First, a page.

The Pamphlet Collection of Sir Robert Stout: Volume 8
Self-Contradictions of the Bible
Self-Contradictions of the Bible.
Sir,—A somewhat impertinent letter has appeared in your last number, defying Unitarians to adduce passages from the Scriptures involving self-contradictory statements. I never was moved to swear by any one: nullius addictus jurare in verba magistri. Yet I will venture to quote three points from the Bible which are clearly self-contradictory in character.
The first is the following. The Christ, in many passages, claims divinity for himself. He affirms his equality with the Father, and yet we find him asserting : "My Father is greater than I."
Secondly, we get, from reading the whole Bible, a general idea of the goodness of God; of His inability to commit sin, that is, to do evil. We are told to "trust in Him and fear not." And yet, when the Christ prays he pleads: "Lead us not into temptation;" that is, he asks God not to deceive us, not to lead us astray.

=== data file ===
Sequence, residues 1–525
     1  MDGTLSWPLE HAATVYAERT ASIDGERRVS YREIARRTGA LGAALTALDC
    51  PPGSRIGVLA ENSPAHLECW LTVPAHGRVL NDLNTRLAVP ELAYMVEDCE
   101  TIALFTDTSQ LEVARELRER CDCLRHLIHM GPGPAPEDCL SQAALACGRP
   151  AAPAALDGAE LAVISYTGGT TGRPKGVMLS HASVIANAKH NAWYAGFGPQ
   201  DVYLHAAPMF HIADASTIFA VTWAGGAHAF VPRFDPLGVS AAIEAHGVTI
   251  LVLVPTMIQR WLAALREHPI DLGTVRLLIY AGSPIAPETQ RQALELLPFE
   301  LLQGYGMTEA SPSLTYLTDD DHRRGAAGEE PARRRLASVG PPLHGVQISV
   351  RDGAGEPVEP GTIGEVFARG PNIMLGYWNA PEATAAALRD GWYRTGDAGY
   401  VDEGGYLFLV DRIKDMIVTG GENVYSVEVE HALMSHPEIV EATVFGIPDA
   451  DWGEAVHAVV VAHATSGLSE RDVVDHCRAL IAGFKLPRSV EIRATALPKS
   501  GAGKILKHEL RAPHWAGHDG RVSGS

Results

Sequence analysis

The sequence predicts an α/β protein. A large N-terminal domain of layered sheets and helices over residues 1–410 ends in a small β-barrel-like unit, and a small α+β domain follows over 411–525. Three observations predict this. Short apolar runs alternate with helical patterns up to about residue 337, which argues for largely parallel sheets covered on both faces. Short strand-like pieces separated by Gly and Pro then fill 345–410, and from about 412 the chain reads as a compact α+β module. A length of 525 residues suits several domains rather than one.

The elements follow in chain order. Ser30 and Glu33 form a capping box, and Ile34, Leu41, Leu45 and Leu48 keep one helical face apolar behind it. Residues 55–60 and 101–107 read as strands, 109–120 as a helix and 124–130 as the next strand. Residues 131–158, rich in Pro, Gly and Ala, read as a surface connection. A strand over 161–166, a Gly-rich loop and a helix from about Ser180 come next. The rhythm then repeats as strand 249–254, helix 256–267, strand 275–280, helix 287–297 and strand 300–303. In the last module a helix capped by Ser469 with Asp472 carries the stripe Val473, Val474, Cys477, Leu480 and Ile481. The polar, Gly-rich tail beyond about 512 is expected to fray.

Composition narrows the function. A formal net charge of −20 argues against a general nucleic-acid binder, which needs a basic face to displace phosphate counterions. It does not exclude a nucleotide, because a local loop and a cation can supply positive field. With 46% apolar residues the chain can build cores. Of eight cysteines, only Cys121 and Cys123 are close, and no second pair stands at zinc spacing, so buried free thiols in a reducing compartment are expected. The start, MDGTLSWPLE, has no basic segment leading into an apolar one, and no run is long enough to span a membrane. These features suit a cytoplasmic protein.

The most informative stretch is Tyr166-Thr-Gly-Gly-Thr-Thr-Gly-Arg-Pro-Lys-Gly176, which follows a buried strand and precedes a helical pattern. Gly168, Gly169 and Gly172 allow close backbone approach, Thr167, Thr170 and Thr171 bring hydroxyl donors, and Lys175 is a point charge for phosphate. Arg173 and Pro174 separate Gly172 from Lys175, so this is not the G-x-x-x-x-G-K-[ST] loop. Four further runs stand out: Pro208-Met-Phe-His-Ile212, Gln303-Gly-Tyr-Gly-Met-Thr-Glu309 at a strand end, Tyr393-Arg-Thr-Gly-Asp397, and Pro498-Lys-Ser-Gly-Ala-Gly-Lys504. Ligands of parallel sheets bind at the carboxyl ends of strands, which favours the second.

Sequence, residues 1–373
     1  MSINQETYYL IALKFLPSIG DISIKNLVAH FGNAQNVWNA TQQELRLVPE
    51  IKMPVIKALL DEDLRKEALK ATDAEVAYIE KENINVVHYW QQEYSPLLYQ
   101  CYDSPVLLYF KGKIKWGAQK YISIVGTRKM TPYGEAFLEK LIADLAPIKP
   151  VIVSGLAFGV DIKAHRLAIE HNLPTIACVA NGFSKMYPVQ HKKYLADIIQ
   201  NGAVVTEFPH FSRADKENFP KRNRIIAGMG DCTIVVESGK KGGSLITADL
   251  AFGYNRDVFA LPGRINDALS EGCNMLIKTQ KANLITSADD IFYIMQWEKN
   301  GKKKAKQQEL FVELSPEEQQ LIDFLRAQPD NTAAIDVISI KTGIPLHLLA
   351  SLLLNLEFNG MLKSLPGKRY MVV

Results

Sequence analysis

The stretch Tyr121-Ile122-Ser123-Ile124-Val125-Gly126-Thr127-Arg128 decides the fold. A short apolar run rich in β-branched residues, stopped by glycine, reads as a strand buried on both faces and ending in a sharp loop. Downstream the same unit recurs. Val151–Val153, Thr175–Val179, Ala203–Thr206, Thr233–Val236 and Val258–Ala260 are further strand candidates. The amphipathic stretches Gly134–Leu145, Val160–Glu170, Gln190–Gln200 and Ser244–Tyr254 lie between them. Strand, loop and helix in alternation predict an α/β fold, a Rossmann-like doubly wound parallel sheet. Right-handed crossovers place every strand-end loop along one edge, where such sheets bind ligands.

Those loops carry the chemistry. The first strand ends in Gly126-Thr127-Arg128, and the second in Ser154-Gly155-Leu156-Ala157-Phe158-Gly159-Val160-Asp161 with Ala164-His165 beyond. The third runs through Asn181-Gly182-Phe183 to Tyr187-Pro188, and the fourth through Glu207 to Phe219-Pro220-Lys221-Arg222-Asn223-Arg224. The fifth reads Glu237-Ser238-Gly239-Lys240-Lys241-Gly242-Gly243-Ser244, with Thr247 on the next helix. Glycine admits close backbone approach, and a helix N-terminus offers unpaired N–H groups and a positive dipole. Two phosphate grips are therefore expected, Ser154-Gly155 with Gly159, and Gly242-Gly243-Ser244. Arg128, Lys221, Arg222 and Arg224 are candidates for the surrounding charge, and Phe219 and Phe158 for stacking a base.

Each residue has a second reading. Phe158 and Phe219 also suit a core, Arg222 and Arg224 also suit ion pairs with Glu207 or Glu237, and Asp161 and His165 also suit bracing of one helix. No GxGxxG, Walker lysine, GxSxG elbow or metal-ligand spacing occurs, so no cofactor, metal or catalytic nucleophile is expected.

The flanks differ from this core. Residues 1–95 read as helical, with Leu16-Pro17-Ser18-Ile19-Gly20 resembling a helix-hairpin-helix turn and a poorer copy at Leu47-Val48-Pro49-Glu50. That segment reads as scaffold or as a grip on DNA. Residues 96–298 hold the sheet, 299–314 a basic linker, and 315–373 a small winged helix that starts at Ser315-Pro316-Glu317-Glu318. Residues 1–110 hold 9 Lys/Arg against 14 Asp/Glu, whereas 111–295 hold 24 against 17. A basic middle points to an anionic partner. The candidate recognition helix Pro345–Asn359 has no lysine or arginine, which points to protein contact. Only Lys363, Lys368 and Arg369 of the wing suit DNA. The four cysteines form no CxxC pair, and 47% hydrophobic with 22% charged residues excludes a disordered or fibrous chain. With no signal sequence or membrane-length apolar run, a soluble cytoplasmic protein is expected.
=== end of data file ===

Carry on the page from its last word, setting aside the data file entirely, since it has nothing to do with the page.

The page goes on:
Lastly, if we consider Jesus annulling the law of Divorce established before him, we are bound to think that either of the two was just, not both; that, therefore, one must have been wrong: for what is wrong at one time is the page 253 same at another. We have never been allowed to lie, to steal, to murder; and we never shall be. Even if such a society could exist, in which those things were allowed, there is an authority in man, called Conscience, which would tell him they were wrong and must not be done.
Having offered these few remarks, I further take the liberty of challenging the writer of the letter I am answering, to prove the divinity of the Christ, even from the Gospel as it stands; for I am prepared to prove, by the Gospel, that Jesus of Nazareth was not what has been made of him, namely, the son of the Everlasting Spirit.
I remain, Sir, yours respectfully,
Sydney, 21st August, 1871.